PRESENTING himself as both vindicated and vindictive, a fired-up President Donald Trump turned the findings of the Russia investigation into a political weapon at a Michigan rally that was part victory lap, part 2020 campaign push.
Trump unleashed a fervent diatribe Thursday about the inquiry, which he deemed “the greatest hoax in the history of our country.” He warned that those behind the probe “would be held accountable,” aired his grievances about the “unfair” media coverage and seethed that the matter was an attempt “to tear up the fabric of our great democracy.”
“After three years of lies and smears and slander, the Russia hoax is dead,” said Trump. “This was nothing more than a sinister effort to undermine our historic election victory and to sabotage the will of the American people.”
The rollicking 82-minute speech unfolded before a boisterous crowd in a key state that Trump swiped from Democrats in 2016. It marked his first political event since Attorney General William Barr released a summary that said special counsel Robert Mueller found no evidence that his campaign “conspired or coordinated” with the Russian government to influence the 2016 campaign.
With the cloud of the probe largely lifted, Trump is hoping to win re-election by keeping Michigan and several other Rust Belt states in his column.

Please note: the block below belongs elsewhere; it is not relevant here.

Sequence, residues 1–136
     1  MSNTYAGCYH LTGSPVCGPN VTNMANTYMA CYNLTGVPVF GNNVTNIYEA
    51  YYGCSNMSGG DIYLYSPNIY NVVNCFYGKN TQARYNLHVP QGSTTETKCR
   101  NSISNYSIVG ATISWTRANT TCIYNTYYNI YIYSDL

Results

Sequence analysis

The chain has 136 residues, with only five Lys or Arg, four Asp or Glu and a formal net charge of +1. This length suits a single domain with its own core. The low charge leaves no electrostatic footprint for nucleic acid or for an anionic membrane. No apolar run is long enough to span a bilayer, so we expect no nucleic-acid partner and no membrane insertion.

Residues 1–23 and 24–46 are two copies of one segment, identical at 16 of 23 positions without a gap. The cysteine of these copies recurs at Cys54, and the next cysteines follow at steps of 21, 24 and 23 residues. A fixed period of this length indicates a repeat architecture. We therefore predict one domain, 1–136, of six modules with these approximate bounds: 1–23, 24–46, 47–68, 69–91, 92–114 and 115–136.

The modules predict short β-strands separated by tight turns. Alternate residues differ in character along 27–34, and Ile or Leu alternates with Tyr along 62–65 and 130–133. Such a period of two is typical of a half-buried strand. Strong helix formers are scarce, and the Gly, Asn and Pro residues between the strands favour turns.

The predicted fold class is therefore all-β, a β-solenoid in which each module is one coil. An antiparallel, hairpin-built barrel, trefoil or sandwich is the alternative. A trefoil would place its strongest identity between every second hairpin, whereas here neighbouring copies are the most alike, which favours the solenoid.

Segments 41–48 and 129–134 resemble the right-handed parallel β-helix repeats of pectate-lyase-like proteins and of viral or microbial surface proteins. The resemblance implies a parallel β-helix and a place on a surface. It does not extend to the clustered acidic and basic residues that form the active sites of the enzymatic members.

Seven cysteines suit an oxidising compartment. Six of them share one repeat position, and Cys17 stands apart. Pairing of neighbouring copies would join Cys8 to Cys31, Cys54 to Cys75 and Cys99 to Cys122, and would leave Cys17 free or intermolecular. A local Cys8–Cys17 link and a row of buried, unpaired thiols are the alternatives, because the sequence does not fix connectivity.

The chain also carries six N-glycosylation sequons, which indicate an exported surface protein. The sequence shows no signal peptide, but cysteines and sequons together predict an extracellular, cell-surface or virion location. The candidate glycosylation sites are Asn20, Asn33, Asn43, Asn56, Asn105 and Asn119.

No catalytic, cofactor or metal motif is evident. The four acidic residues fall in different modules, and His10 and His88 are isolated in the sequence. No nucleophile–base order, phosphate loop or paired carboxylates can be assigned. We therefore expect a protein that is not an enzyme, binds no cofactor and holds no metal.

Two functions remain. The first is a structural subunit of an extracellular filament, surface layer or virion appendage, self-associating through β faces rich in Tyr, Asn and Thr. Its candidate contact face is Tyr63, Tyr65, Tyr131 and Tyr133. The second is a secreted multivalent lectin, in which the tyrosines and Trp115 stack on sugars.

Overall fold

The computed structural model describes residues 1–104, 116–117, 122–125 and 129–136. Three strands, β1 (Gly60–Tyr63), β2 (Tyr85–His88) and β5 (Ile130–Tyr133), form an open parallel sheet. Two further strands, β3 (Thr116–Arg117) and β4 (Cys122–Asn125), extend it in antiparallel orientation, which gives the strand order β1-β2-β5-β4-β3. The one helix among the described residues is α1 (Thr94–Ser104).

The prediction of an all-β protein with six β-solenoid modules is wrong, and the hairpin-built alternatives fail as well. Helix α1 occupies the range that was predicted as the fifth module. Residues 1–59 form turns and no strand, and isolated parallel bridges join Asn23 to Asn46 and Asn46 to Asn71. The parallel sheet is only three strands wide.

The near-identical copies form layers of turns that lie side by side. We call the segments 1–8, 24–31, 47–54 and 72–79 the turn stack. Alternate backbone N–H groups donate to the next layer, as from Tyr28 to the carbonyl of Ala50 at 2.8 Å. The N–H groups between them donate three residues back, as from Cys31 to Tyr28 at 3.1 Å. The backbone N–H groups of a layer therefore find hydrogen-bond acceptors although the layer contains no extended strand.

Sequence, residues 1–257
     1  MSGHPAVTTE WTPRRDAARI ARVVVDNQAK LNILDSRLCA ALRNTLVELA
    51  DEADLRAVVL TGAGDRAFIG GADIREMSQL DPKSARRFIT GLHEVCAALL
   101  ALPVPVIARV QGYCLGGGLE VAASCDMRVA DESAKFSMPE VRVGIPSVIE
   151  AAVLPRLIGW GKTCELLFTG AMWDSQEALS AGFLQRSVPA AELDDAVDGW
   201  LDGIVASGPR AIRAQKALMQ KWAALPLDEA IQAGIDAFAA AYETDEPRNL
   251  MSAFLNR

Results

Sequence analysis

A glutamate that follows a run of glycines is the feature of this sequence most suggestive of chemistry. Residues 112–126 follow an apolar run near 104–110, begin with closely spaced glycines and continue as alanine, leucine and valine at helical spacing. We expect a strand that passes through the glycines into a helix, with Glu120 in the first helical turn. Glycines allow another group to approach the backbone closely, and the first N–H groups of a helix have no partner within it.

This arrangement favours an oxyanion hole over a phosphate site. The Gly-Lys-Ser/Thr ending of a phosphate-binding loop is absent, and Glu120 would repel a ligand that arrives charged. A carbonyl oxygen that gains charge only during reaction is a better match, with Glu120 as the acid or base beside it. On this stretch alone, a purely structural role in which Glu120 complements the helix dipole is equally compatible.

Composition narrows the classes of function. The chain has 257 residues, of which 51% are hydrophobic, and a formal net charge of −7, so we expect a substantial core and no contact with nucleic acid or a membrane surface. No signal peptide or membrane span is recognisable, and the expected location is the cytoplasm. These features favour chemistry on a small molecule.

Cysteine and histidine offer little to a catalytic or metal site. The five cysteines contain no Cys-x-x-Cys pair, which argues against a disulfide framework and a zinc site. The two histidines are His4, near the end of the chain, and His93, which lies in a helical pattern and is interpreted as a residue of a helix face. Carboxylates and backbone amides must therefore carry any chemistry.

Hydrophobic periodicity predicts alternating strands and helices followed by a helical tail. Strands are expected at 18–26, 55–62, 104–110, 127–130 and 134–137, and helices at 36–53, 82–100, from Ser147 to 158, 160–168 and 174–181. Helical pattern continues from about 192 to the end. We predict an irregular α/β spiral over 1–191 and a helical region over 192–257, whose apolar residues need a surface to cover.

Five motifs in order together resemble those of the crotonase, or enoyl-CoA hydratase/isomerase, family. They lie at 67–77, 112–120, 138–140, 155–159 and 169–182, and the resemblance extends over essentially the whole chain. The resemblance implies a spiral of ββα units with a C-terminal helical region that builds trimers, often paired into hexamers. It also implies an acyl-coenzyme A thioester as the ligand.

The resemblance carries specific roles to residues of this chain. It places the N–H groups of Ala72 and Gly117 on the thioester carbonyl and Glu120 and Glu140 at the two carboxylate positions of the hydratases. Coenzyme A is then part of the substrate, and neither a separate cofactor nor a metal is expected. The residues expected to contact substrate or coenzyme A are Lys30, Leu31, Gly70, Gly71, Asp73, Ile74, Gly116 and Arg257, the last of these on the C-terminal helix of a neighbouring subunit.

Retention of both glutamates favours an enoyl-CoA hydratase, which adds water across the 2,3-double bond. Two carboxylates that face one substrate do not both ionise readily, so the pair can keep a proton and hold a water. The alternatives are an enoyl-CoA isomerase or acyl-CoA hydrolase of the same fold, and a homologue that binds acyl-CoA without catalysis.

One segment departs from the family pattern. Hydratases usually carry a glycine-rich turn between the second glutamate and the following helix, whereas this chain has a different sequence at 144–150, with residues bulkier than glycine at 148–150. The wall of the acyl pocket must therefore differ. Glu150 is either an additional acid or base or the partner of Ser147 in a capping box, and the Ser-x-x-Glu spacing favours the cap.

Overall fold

“It’s going to be so much easier the second time: We’re one for one,” Trump boasted.
He basked in the adulation of his supporters at the Grand Rapids rally. The packed crowd, some of whom began to line up the night before, delivered a deafening roar for the president while unleashing its vitriol as he bashed the media and Democrats.
The president linked Mueller’s probe with the myriad investigations launched by House Democrats and tried to make the case that, after Mueller’s findings, further inquiries are partisan overreach.
“The Democrats now have to decide if they will continue to defraud the American public with this ridiculous bulls–t,” said Trump, who urged the opposing party to instead work with him on issues like infrastructure repair and drug pricing.
While Trump’s base has long been suspicious of Mueller, the president’s team believes independents and moderate Democrats who backed him in the last election but have since soured may return to the fold if convinced he was unfairly targeted.
Trump used the moment to heighten his attacks on the media, which many Trump supporters believe unjustly fanned the flames of the special counsel’s probe in an effort to bring down the president.